Authored by: Laura Kanov, Senior Vice President, Product Strategy

It’s easy to think that the media or politicians are exaggerating or hyping up the opioid “crisis” for less than noble reasons, but data I’ve seen from the CDC and other sources in researching the topic are shocking. It’s not entirely a street drug problem, nor is it entirely a prescription drug problem. It is a combination of both that needs attacking from multiple sides. The data paint a very bleak picture for our communities, country and future if the situation goes unchecked.

Here is a sampling:

  • 115 people die a day from an opioid overdose [1]
  • It’s the number 1 cause of death for individuals under the age of 50
  • The death rate increased 5-fold from 1999 to 2016
  • 2.4 million Americans have an opioid-use disorder [2]
  • There has been a 10-fold increase in prescriptions of naloxone (an opioid reversal agent) dispensed from retail pharmacies in the U.S. between the fourth quarter of 2013 and the second quarter of 2015 [3]
3 Waves Of The Rise In Opioid Overdose Deaths(click to view Infographic)

It is common practice for emergency responders (including law enforcement, EMS and fire fighters) to carry naloxone [4]- now in larger doses due to the ferociousness of fentanyl on the respiratory system. Employers are experiencing abuse and misuse in the workplace, but when employees have prescriptions for use they are exempt from positive drug test consequences. This is not to say that there aren’t people in pain who need relief. There are. What providers need is a way to help them manage pain that does not lead to an addictive relationship with the pain reliever. What providers need is a way to determine who to be more cautious with when prescribing opioids if there is not an alternative, and who among those may need co-prescribing naloxone, family counseling, more education, etc..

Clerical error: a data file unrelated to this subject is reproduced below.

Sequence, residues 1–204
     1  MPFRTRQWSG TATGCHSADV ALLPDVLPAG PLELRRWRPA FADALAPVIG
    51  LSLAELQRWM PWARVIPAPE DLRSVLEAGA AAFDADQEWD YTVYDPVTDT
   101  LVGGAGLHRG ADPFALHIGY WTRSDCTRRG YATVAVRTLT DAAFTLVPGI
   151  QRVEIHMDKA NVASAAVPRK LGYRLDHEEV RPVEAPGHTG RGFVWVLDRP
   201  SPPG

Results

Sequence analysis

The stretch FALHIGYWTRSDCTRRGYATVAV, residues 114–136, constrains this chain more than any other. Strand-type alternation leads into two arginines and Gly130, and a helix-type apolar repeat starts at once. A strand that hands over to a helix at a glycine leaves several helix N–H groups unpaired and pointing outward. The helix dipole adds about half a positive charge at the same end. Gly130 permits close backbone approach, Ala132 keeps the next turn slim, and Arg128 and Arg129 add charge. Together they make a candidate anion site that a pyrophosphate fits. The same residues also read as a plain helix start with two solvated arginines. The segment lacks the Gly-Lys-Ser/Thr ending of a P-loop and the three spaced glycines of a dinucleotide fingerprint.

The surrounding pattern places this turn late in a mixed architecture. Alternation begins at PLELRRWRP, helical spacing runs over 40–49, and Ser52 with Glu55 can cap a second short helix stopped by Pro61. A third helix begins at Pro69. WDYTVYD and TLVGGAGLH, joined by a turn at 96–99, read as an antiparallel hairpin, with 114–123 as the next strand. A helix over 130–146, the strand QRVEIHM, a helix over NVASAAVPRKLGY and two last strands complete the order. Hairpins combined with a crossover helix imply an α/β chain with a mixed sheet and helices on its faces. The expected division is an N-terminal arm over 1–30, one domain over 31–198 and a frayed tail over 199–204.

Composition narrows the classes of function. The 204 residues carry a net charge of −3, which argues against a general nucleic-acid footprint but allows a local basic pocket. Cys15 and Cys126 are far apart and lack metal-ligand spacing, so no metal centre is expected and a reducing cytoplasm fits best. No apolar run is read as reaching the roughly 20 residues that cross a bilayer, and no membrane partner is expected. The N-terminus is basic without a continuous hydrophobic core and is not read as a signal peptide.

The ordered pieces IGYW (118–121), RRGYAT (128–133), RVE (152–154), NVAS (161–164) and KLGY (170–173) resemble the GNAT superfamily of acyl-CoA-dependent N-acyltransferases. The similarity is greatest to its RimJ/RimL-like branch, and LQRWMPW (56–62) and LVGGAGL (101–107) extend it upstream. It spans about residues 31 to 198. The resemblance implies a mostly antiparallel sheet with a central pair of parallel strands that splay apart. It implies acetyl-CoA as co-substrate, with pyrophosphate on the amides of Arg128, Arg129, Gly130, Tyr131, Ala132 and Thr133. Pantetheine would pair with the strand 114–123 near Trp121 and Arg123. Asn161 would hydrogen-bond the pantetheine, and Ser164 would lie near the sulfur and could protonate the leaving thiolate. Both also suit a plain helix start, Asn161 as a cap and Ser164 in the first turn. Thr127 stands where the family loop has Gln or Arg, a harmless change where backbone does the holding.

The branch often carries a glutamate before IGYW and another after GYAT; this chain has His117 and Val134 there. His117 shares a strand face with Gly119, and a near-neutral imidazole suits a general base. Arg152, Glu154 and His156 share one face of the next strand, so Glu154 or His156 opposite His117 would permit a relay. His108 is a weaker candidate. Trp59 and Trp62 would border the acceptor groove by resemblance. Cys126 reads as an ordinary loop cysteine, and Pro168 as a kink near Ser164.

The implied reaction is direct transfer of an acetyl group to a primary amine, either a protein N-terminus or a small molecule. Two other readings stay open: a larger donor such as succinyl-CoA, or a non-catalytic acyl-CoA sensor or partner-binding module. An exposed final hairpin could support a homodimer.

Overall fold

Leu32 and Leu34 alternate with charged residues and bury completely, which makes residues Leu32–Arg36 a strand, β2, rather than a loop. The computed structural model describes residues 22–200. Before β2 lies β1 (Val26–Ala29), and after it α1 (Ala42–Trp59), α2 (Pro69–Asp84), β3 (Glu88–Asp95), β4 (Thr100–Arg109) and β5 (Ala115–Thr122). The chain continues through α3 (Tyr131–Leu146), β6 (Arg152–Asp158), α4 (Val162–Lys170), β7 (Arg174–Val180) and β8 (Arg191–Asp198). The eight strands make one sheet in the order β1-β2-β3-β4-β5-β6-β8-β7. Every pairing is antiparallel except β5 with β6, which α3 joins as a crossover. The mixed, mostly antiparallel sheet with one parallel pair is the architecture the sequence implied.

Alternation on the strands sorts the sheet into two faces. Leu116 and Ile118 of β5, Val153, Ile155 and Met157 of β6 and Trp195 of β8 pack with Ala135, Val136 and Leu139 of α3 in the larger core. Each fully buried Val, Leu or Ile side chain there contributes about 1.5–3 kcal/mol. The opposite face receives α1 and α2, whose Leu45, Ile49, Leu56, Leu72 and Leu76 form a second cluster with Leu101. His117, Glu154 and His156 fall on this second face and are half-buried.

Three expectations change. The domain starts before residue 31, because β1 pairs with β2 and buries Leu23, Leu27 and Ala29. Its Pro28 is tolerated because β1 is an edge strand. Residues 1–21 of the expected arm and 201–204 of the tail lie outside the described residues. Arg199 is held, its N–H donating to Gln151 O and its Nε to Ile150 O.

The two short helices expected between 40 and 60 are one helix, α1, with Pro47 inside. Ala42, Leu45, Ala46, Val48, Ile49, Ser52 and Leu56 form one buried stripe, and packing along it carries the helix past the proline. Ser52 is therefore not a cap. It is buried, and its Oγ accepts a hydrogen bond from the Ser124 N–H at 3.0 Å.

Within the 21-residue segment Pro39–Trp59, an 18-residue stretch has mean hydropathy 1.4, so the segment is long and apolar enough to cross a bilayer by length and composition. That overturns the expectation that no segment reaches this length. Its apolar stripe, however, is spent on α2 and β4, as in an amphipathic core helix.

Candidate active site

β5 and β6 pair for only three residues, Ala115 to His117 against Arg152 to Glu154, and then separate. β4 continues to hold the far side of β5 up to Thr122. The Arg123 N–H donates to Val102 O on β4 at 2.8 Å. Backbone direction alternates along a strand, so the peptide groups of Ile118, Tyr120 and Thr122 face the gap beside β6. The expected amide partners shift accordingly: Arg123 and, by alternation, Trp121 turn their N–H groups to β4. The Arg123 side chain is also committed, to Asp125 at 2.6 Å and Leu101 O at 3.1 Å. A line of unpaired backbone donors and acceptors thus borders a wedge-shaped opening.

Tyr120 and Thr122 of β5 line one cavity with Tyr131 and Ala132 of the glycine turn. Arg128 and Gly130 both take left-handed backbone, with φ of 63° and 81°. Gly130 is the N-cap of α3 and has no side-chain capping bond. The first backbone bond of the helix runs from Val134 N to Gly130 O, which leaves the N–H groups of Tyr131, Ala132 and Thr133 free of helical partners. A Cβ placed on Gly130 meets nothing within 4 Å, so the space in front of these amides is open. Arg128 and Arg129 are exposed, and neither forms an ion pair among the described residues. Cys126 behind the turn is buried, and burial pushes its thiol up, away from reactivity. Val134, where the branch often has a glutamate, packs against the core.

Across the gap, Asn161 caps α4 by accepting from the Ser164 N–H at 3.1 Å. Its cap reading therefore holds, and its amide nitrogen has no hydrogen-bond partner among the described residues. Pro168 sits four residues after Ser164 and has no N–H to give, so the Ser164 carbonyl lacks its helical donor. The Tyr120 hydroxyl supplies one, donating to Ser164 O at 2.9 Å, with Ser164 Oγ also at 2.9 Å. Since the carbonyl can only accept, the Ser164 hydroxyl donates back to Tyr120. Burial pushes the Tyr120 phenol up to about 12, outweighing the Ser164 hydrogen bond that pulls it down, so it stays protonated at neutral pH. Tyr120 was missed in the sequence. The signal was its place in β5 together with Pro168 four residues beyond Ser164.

At HBI Solutions, we believe that identifying those individuals at risk for Opioid Abuse is an important component of a targeted strategy for reduction in opioid use, abuse, and avoidable death, and a way to prevent the destruction and emotional pain associated with addiction and loss.

While other solutions help users to understand frequency of diagnosis, provider prescription tendencies and patient prescription fills for analysis, that retrospective view alone misses an important opportunity. To that end, HBI Solutions’ Opioid Abuse predictive model assists care managers, physicians and other stakeholders to understand the risk of abuse in individuals before they prescribe before they’ve been diagnosed with the disorder, before they become another statistic.

I invite you to check out our Infographic here for more details on how we use clinical, financial, and social determinant data in the model or contact us at and we would love to tell you all about this and other predictive solutions we have for managing Population, Acute Episode, Quality and Revenue Risk.

[1] Centers for Disease Control, World Health Organization